Materials and Methods
The studies were performed in 2 groups of euvolemic, conscious, male Wistar rats: aging rats (18 months old, 398±44 g body wt) and young rats (5 months old, 276±38 g body wt). Before the experiments, the rats were maintained overnight without food and with water ad libitum. Animals were surgically prepared by inserting catheters in the left femoral vein and artery as described.18 19 At the end of surgery, the animals were introduced in cages with water ad libitum. The temperature was held constant at 24°C in the animal housing. Mean arterial pressure (MAP) and heart rate were continuously monitored with a pressure transducer (Power Laboratory System, Cibertec). The experiments were started after the animals were fully awakened from anesthesia (≈3 hours) and MAP and heart rate were stabilized.
To analyze the pressure-lowering effect of 2 endothelium-dependent vasorelaxing agents, acetylcholine (ACh) and bradykinin, and an endothelium-independent agent, sodium nitroprusside (SNP), a dose-response curve was made with each agent. The agonists were administered as intravenous bolus, and an interval of enough time (10 minutes) was allowed between each dose to fully recover baseline MAP. For each agent, a different animal was used.
Changes in the hypotensive response to each agonist were calculated as absolute MAP decrease and percent MAP decrease from the basal MAP level in young and aging rats, respectively.
To further assess the role of the l-arginine/NO–mediated vasodilator system in the aging animals, we studied the effect of intravenous cumulative doses of the l-arginine antagonist l-Nω-nitro-l-arginine (L-NwNLA) on MAP. For this purpose, a dose-response curve of the effect of L-NwNLA on MAP was constructed. Enough time (10 minutes) was allowed between each dose to stabilize MAP.
To study the effects of the inhibition of NOS activity in relation to the pressure-increasing effect of a vasoconstrictor agent, angiotensin II (Ang II), a dose-response curve of Ang II was constructed in either the presence or the absence of a previous subpressor dose of L-NwNLA (0.65 mg/kg body wt). Ang II was administered as an intravenous bolus.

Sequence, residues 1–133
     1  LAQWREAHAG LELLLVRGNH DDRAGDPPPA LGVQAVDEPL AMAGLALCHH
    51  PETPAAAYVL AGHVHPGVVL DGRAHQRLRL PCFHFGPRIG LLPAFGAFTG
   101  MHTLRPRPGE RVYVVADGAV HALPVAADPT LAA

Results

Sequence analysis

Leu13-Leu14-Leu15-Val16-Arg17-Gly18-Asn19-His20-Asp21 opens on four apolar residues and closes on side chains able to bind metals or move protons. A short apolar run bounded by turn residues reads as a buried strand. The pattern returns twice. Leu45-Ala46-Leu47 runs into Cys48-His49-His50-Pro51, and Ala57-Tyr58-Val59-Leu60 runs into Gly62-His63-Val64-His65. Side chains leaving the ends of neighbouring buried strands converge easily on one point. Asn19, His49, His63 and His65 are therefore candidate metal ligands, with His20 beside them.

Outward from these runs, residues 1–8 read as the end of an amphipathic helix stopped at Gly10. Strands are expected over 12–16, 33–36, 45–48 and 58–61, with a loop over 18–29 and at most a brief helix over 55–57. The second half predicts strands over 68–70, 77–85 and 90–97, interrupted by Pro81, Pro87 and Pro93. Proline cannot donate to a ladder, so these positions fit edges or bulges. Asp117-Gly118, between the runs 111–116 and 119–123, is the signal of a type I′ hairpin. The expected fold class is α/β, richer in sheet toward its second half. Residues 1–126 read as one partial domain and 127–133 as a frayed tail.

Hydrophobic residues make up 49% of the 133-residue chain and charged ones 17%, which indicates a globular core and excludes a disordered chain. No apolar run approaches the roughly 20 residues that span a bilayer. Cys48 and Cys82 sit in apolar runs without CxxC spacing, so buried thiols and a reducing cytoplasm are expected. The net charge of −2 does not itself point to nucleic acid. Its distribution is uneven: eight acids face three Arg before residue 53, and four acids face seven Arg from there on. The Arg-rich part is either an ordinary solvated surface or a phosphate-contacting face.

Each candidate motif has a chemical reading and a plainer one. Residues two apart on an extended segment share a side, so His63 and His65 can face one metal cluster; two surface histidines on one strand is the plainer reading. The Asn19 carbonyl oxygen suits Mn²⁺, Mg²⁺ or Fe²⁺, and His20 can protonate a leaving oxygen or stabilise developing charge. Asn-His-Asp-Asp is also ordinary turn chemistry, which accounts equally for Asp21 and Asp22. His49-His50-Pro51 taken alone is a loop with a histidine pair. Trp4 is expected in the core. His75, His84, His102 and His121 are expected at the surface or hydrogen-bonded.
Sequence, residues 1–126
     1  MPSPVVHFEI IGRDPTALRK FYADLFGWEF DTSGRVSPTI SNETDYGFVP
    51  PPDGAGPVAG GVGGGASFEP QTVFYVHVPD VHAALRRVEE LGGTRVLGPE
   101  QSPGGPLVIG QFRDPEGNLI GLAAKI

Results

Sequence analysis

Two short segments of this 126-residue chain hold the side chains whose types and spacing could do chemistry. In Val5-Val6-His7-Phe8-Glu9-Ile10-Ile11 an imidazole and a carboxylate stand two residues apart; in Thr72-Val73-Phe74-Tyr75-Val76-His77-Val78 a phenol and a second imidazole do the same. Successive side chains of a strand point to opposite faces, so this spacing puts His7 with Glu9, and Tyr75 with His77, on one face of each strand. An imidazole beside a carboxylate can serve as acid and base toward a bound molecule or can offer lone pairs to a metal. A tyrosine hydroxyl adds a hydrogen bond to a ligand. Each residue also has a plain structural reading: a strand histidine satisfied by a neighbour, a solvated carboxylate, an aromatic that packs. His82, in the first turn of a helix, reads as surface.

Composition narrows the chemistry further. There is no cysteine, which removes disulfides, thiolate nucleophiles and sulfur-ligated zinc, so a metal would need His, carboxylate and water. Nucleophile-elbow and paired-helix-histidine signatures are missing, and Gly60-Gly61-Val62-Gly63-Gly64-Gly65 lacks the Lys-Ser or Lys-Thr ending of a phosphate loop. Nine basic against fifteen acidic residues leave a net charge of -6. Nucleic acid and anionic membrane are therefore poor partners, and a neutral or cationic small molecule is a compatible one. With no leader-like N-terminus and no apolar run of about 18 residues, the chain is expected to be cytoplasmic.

In groups of young and aging rats that previously were not used in studies I, II, and III, we analyzed the activity and the expression of the NOS isoforms in tissue and cytosolic extracts and the cGMP content in their vascular walls. For this purpose, animals were first anesthetized and exsanguinated, and the blood samples were immediately centrifuged (3500 rpm) for plasma separation. Plasma samples were used for creatinine and nitrite measurement.
The aortas were perfused at a pressure of 100 mm Hg with 200 mL of isotonic saline. Then, the aorta, from the iliac bifurcation to the heart, was removed, cut into 3 portions, and immediately frozen in liquid nitrogen. It is important to note that catheters had not been previously implanted in these animals. After the aortas were extracted, aging and young rats were autopsied for macroscopic examination in search of pulmonary infection and the presence of tumors.
Each of the aforementioned studies was performed in at least 6 different young and aging rats.
Determination of the cGMP Content in the Isolated Blood Vessels
Aortic segments obtained from young and aging rats were isolated and stored immediately in liquid nitrogen as mentioned above. The frozen segments were pulverized and resuspended in an ice-cold solution containing 200 mmol/L perchloric acid. After they were mixed, the homogenates were centrifuged (12 000 rpm, 5 minutes at 4°C), and the supernatants were recovered and washed out 4 times with 5 vol diethyl ether. The remaining aqueous phase was dried under a stream of N2.
cGMP was measured as described20 in acetylated samples with a kit from Amersham International. The sensitivity of the assay was 0.5 fmol. The intra-assay and interassay variations were <8.9% and <16%, respectively.
Determination of eNOS and iNOS Protein Expression
Aortic segments were isolated, cut into 3 portions, and immediately stored in liquid nitrogen. Only one of the portions was used for NOS determination. The frozen segments were pulverized and solubilized in Laemmli buffer21 containing 2-mercaptoethanol. Proteins were separated on denaturing SDS–10% polyacrylamide gels. Equal amounts of proteins (20 μg/lane) estimated by bicinchoninic acid reagent (Pierce) were loaded. To verify the equal amounts of proteins loaded in the gel, it was stained with Coomassie, and the intensities of the protein bands were examined.